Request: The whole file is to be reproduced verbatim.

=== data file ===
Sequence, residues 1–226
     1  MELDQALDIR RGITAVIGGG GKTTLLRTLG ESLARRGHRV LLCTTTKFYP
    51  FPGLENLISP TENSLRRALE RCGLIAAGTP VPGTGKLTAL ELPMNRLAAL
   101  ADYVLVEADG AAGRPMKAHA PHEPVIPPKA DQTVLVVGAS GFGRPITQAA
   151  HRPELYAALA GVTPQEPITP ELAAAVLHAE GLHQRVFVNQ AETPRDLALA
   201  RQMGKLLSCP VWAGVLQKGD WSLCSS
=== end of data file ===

Sequence, residues 1–226
     1  MELDQALDIR RGITAVIGGG GKTTLLRTLG ESLARRGHRV LLCTTTKFYP
    51  FPGLENLISP TENSLRRALE RCGLIAAGTP VPGTGKLTAL ELPMNRLAAL
   101  ADYVLVEADG AAGRPMKAHA PHEPVIPPKA DQTVLVVGAS GFGRPITQAA
   151  HRPELYAALA GVTPQEPITP ELAAAVLHAE GLHQRVFVNQ AETPRDLALA
   201  RQMGKLLSCP VWAGVLQKGD WSLCSS